Gallagher befriended a band called Inspiral Carpets in the late 1980s and became part of the band’s touring crew. In 1991, he returned home from a tour to find that his younger brother, Liam, had joined a band. Gallagher was initially unimpressed with the band’s performance. He agreed to an offer to join the band, with the condition that he would become the group’s sole songwriter. 


Gallagher is left-handed, but plays guitar right-handed. When it comes to his style, Gallagher is a master of melody – both in choosing chords that are rich and full-sounding and playing solos that complement the melody of the song. He often uses slides to change chord positions. 


High Flying Birds 

Gallagher is best known for his time in Oasis, as well as his tumultuous relationship with Liam. Oasis disbanded in 2009. Gallagher formed his solo project, Noel Gallagher’s High Flying Birds in 2010. The project has released four albums and a compilation album. 


Famous guitarists who are guitar collectors

As any guitar enthusiast knows, nice guitars are not inexpensive – but it’s very tempting to add new additions to your collection. Several famous guitarists, unsurprisingly, are avid guitar collectors. Here’s a list of some of them:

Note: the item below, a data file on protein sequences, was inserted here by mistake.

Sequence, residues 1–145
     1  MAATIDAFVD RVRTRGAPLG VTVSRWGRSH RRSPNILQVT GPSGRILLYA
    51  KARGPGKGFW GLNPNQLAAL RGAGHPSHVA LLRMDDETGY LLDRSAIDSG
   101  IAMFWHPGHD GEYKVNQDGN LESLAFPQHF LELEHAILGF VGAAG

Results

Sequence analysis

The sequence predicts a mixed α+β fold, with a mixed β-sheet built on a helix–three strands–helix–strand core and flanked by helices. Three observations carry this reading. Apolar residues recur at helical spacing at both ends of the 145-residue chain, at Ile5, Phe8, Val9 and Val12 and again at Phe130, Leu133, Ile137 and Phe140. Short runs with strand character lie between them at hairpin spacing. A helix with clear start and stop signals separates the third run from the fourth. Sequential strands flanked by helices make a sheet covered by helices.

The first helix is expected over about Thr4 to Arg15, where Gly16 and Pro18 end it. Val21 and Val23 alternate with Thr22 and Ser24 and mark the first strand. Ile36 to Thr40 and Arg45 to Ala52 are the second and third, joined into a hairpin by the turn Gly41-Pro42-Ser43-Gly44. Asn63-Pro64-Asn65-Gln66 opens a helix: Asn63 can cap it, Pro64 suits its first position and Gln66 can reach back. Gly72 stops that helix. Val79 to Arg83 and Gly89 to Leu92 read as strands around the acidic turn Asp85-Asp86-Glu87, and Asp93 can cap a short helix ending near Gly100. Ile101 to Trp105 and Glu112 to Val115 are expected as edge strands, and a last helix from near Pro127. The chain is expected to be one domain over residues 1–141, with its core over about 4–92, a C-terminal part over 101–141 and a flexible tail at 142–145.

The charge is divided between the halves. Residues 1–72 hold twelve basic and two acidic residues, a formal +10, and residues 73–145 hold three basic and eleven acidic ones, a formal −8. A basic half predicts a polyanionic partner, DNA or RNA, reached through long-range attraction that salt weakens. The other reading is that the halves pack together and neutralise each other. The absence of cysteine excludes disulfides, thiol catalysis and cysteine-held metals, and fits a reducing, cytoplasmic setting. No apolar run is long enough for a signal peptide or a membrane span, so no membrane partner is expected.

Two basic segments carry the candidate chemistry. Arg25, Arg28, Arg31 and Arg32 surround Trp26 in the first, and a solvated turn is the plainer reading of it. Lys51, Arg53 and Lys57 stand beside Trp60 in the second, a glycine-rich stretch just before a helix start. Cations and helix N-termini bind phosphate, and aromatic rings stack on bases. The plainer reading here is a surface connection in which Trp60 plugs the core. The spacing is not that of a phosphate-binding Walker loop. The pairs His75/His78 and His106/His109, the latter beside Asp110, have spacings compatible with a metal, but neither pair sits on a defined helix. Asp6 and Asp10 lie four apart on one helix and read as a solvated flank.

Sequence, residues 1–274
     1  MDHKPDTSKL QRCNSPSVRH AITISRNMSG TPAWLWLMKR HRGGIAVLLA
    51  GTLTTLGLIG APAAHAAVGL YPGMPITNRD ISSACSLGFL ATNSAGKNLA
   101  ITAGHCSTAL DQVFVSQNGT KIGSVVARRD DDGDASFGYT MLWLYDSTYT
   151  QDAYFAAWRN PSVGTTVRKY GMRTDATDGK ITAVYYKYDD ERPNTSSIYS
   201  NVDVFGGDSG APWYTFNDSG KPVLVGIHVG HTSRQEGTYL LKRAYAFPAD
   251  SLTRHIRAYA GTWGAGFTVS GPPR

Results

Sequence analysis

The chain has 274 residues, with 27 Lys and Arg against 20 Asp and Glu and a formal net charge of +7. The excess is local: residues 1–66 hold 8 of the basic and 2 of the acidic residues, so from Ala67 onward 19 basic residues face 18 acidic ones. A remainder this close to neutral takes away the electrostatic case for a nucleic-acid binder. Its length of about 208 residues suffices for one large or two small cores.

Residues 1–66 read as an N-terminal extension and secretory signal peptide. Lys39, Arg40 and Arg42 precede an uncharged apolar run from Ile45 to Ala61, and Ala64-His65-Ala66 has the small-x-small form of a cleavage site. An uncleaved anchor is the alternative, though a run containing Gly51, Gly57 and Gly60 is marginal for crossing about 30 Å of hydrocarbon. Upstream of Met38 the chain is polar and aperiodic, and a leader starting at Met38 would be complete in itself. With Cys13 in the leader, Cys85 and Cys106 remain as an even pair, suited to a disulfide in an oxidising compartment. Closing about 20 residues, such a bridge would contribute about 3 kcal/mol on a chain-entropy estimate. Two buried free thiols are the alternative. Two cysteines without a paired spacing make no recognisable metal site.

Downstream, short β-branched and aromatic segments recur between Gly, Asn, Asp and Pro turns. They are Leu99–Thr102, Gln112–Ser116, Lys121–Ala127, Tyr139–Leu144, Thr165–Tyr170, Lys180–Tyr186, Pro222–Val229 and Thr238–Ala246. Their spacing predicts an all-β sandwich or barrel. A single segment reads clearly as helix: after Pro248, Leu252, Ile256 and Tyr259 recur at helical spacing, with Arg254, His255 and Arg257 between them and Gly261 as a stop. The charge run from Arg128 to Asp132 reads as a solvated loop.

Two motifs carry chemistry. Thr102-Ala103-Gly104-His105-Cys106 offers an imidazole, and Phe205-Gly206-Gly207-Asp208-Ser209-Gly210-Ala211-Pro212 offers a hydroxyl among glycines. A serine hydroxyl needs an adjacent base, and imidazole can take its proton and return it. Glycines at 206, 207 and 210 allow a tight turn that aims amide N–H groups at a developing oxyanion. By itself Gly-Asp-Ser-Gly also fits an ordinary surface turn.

Joe Bonamassa

Blues-rock superstar Joe Bonamassa has over 500 vintage guitars in his collection – which he keeps in his L.A, home, he told Guitar World in 2023. That’s not counting other gear, like amplifiers – he estimates he has about 1,000 to 1,200 pieces total. “The sheer magnitude of it all, would overwhelm even the most jaded collector,” Bonamassa told GW. “The difference is, I live there! So I wake up, I get my coffee and there’s hundreds of guitar amps around [me].” 


Guns ‘N Roses guitarist and top hat enthusiast Slash has accumulated over 400 instruments, according to an over-300 page coffee table book that details the collection. Slash is best known for his signature Les Paul, but his collection includes vintage pieces, prototype Gibson signature models, and guitars made by B.C. Rich, Guild, and boutique acoustic luthiers. 

David Gilmour